EGYPT - Egypt is a source, transit, and destination country for women and children trafficked for the purposes of forced labor and sexual exploitation. Some of Egypt’s estimated one million street children – both boys and girls – are exploited in prostitution and forced begging. Local gangs are, at times, involved in this exploitation. Egyptian children are recruited for domestic and agricultural labor; some of these children face conditions indicative of involuntary servitude, such as restrictions on movement, non-payment of wages, threats, and physical or sexual abuse. In addition, wealthy men from the Gulf reportedly travel to Egypt to purchase “temporary marriages” with Egyptian females, including girls who are under the age of 18; these arrangements are often facilitated by the females’ parents and marriage brokers. Child sex tourism is increasingly reported in Cairo, Alexandria, and Luxor. Young, female Sudanese refugees, including those under 18, may be coerced into prostitution in Cairo’s nightclubs by family or Sudanese gang members. Egypt is a transit country for women trafficked from Uzbekistan, Moldova, Ukraine, Russia, and other Eastern European countries to Israel for sexual exploitation; organized crime groups are involved in these movements.
The Government of Egypt does not fully comply with minimum standards for the elimination of trafficking; however, it is making significant efforts to do so. The government enacted amendments to the Child Law prohibiting child trafficking, provided training for government officials on the use of these amendments, and began the prosecution of several alleged sex trafficking offenders. Despite these overall efforts, the government did not show adequate progress in advancing anti-trafficking law enforcement efforts over the last year; therefore Egypt is placed on Tier 2 Watch List.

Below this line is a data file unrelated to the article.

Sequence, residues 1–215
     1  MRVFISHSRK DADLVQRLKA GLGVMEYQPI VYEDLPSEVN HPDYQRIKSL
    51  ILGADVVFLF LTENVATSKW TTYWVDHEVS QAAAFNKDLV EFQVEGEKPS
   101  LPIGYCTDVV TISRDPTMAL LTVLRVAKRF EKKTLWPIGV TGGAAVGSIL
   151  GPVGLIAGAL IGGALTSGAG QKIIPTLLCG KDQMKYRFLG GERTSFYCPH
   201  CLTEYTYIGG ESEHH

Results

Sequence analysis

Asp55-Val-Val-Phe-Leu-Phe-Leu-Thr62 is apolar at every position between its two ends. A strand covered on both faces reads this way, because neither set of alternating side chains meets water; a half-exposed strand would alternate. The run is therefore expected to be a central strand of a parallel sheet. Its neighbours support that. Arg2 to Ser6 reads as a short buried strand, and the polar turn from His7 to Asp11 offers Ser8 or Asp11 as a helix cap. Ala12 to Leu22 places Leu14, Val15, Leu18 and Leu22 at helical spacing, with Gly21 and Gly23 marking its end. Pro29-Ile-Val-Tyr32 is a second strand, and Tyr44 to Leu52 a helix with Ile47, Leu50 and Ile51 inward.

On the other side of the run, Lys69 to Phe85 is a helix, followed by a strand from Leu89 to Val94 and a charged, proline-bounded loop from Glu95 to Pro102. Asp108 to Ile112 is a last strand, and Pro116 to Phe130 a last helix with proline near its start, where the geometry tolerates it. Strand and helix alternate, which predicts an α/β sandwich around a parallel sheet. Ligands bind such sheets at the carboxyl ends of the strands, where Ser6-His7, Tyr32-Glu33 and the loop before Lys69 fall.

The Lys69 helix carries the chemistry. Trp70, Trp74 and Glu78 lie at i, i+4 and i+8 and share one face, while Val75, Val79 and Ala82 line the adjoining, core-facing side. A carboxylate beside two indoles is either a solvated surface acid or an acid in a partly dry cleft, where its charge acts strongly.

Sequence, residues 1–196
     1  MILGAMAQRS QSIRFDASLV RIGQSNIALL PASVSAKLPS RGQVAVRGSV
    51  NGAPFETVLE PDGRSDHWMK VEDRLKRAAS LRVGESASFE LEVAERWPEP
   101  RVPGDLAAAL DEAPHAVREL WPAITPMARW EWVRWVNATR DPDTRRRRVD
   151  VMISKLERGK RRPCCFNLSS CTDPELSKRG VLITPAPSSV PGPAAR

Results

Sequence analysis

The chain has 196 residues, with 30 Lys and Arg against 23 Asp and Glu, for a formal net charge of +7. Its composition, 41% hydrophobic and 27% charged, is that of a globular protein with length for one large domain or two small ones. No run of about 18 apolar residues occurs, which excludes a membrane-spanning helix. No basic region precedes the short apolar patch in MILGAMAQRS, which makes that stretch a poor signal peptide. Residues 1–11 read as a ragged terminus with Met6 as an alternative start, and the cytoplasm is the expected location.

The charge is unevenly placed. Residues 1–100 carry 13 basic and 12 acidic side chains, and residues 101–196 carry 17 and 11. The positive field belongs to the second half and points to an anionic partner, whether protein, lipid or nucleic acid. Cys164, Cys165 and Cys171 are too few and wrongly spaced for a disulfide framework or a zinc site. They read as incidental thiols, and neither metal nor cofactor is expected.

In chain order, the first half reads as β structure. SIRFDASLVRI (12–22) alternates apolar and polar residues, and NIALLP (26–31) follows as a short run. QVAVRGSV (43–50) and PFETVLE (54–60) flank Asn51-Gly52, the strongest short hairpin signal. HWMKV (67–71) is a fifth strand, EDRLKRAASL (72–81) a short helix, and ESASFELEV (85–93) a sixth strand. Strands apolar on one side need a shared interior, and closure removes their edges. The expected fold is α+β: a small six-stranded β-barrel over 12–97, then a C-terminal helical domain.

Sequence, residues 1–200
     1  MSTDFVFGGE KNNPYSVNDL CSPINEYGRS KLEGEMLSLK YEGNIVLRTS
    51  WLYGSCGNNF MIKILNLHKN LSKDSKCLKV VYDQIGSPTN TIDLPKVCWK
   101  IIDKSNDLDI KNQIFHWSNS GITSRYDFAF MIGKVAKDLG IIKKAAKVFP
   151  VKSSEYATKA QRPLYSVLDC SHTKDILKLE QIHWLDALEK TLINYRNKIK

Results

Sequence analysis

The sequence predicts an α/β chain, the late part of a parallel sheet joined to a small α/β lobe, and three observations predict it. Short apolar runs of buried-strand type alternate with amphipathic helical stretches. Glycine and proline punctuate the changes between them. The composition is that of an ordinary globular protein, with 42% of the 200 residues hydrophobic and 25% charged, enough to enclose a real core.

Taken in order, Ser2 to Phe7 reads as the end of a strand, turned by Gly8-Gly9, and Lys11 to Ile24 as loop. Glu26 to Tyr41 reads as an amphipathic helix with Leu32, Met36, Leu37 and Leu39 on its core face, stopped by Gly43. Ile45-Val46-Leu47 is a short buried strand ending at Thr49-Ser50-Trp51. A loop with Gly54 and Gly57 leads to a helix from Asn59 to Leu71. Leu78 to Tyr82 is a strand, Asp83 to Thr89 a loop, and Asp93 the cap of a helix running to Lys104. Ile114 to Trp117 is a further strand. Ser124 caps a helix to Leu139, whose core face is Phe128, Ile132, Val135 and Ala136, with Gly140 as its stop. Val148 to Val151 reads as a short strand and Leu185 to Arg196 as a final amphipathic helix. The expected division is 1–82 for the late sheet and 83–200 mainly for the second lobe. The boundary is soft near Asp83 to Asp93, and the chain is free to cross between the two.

IRAQ - Iraq is both a source and destination country for men, women, and children trafficked for the purposes of commercial sexual exploitation and involuntary servitude. Iraqi women and girls, some as young as 11 years old, are trafficked within the country and abroad to Syria, Lebanon, Jordan, Kuwait, UAE, Turkey, Iran, and possibly Yemen, for forced prostitution and sexual exploitation within households in these countries. Some victims are sexually exploited in Iraq before being sold to traffickers who take them abroad. In some cases, women are lured into sexual exploitation through false promises of work. The more prevalent means of becoming a victim is through sale or forced marriage. Family members have trafficked girls and women to escape desperate economic circumstances, to pay debts, or resolve disputes between families. Some women and girls are trafficked within Iraq for the purpose of sexual exploitation through the traditional institution of temporary marriages (muta’a). Under this arrangement, the family receives a dowry from the husband and the marriage is terminated after a specified period. When trafficked by persons other than family members, women can be placed at risk of honor killings if their families learn that they have been raped or forced into prostitution. Anecdotal reports tell of desperate Iraqi families abandoning their children at the Syrian border with the expectation that traffickers on the Syrian side will pick them up and arrange forged documents so the young women and girls can stay in Syria in exchange for working in a nightclub or brothel.